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The undeclared long-range goal of IS is to overthrow Saudi Arabia. No document or video-clip says this but the broad sweep of Islamic history and the horrifying character of IS atrocities point in this direction.

Islamic law stipulates that only a caliph can declare a jihad. So in 1996, the Afghan Taliban swore loyalty to their leader, Mullah Mohammad Omar, as Caliph or Commander of the Faithful.

Mullah Mohammad had no ambitions beyond the borders of Afghanistan. But in 2000 Osama bin Laden imputed to him a grander calling when he called on pious Muslims to abandon their jobs and families for jihadist training under caliphal aegis in Afghanistan. Thus did Caliph, the sanctified title theoretically borne by the leader of a universal Sunni Muslim state, get tied into international terrorism.

The title carried an uncertain meaning when fighters in Iraq and Syria declared an Islamic State in 2015 and swore fealty to Abu Bakr al-Baghdadi as their Caliph. Were the Caliph's ambitions confined to Syria and Iraq? Or did they encompass all of Islam? After Paris, the world is asking that question.

Conquering the world or destroying Western civilisation is certainly beyond the capability of a small army of radicals concentrated in a land-locked swath of desert. But terrorising people in different countries into believing such a possibility not only brings in recruits, but also puts pressure on Sunni countries like Saudi Arabia to bring the Islamic State to heel.

And that suggests to a broader objective, and the only rational one: To replace the Kingdom of Saudi Arabia with a caliphate based in Mecca.

Cleverly, the Islamic State has defanged potential Saudi opposition by targeting Shi'ites, whom Saudis deem heretical. Indeed, IS has reportedly received financial support from anti-Shi'ite individuals and groups—though not governments—throughout the oil-rich Arabian peninsula.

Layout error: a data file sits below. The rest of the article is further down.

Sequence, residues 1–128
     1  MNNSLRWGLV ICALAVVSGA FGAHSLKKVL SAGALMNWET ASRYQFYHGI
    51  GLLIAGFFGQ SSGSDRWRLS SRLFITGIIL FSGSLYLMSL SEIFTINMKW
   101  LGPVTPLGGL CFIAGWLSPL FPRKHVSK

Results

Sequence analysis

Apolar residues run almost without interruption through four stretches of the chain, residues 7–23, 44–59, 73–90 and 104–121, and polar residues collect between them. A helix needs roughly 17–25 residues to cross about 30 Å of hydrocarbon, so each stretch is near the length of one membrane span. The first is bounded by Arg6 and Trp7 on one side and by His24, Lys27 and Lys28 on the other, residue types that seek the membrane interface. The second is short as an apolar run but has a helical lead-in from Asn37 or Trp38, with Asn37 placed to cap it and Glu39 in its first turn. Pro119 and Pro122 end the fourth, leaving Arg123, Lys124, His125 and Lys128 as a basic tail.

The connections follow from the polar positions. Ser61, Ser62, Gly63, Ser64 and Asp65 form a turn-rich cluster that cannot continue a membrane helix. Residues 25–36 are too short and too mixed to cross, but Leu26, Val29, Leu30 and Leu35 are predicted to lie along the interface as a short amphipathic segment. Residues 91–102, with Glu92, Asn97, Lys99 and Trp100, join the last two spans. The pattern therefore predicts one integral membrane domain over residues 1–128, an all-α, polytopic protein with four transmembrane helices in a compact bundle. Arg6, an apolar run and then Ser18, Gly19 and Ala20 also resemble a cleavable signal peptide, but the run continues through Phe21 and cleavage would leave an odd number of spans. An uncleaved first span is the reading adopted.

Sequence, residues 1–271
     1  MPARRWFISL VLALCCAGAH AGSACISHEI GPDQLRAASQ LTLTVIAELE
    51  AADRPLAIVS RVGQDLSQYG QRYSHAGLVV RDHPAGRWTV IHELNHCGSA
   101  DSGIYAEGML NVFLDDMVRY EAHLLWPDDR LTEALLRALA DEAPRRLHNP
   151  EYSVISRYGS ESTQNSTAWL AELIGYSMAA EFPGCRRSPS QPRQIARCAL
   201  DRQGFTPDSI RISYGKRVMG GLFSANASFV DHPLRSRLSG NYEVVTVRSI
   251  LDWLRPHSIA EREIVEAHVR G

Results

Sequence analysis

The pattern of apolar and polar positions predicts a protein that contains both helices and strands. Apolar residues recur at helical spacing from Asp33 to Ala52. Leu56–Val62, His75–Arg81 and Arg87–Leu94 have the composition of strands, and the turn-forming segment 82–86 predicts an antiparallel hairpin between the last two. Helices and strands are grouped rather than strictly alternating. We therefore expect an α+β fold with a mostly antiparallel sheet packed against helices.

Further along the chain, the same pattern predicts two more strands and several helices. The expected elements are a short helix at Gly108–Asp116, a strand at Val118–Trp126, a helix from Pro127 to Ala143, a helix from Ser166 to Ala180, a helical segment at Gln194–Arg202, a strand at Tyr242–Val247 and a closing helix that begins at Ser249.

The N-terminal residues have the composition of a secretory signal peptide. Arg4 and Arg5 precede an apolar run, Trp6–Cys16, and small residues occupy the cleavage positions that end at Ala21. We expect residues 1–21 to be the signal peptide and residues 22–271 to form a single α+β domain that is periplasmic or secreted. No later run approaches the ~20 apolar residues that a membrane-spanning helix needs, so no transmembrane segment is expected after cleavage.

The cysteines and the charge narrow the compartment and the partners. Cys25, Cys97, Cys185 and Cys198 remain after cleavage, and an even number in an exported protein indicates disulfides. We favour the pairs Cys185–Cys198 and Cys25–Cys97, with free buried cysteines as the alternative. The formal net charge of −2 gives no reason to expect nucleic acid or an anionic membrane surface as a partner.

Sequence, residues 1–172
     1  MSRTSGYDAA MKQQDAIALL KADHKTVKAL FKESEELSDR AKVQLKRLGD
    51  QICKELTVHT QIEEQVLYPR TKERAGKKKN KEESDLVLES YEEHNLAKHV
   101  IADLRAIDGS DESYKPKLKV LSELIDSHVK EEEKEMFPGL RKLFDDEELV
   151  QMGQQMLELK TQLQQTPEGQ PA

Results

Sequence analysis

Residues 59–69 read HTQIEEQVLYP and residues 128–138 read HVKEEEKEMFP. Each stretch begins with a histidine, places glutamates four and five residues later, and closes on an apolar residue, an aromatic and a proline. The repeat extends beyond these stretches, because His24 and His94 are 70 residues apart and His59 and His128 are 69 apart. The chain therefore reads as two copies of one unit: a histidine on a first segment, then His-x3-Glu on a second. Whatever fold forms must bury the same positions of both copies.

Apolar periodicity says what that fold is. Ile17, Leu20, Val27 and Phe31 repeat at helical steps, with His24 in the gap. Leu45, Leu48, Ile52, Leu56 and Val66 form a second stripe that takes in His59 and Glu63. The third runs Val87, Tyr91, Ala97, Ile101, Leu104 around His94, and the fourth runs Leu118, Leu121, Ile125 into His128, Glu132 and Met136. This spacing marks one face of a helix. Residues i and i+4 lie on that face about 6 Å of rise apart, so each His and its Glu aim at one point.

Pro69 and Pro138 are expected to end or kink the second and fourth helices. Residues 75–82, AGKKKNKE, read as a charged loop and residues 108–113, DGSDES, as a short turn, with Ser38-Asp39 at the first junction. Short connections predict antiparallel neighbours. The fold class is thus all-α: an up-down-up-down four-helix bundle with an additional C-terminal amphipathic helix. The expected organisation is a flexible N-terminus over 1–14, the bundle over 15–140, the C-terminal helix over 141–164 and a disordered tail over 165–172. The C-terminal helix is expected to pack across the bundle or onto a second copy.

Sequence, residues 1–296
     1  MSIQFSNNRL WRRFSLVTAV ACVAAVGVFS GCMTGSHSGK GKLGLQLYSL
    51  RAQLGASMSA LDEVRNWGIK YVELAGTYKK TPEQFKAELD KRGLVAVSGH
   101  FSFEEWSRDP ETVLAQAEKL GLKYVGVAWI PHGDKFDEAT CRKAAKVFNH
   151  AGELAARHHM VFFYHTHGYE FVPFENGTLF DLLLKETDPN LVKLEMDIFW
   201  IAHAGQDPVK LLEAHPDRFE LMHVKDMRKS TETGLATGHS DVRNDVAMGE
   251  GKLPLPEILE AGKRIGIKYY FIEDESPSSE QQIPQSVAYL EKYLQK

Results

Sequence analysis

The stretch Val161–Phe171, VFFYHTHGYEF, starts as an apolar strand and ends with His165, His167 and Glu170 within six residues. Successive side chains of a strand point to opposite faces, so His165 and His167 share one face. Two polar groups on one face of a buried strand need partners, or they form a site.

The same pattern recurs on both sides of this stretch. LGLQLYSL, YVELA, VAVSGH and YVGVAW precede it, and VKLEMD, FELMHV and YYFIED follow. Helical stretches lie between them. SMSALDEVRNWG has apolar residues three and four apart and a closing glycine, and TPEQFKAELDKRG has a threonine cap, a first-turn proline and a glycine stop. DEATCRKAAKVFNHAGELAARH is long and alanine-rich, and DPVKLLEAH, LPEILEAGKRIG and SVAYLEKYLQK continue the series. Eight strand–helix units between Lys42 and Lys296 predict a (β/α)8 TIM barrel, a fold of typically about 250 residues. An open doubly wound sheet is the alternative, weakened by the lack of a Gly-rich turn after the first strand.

By playing the Shi'ite card, the Islamic State shows its Sunni credentials and buys itself time to consolidate territorial control and organise for a greater objective. And by playing the Caliph card, they challenge Saudi pre-eminence in the Muslim world.

In religious terms, the paramount title of the Saudi king is Servitor of the Two Holy Places (Khadim al-Haramain). Saladin, the storied foe of the Crusaders, first claimed the title in the late 12th century. And ever since, whoever has controlled Mecca and Medina, the two holy places located in modern-day Saudi Arabia, has appeared to millions of pilgrims to be the greatest political leader in Islam. King Faysal adopted the title in the 1970s and it continues today as the title of King Salman.

But the Servitor of the Two Holy Places is less than a caliph. A true caliph must be an Arab descended from the Quraysh tribe of the Prophet Muhammad. Abu Bakr al-Baghdadi claims such descent but the Saudis cannot. If King Salman were to fudge matters by assuming the title of Caliph now in response to IS, his subjects would see him as a hypocrite. The historic rivals of the Saud family, the Hashimis, were and are direct descendants of the Prophet and are still honoured as such by pious Muslims, particularly those living around Mecca and Medina.

If IS terrorism forces the West to compel Saudi Arabia into becoming its declared enemy, King Salman will be publicly and militarily allied with the Americans who handed Iraq to the Shi'ites, the Russians who devastated Sunni Chechnya, the Muslim-hating French and British, and, worst of all, the Shi'ite Islamic Republic of Iran.

Such a step would prove the claim of Osama bin Laden that the Saudi royal family is corrupt and hypocritical, despite its superficial support for the most conservative form of Islam, and is actually the enemy of all pious Sunnis.

King Salman faces a difficult choice. Does he do what President Obama, Hillary Clinton and many Republican presidential hopefuls want him to do, namely, lead a Sunni alliance against the Islamic State? Or does he continue to ignore Syria, attack Shi'ites in Yemen, and allow his subjects to volunteer money and lives to the IS caliph's war against Shi'ism?

The former option risks intensifying unrest, possibly fatal unrest, in the Saudi kingdom. The latter contributes to a growing sense in the West that Saudi Arabia is insensitive to the crimes being carried out around the world in the name of Sunni Islam.

Prediction: In five years' time, Saudi Arabia will either help defeat the Islamic State, or become it. - Agence Global

Tag(s) : #Middle East

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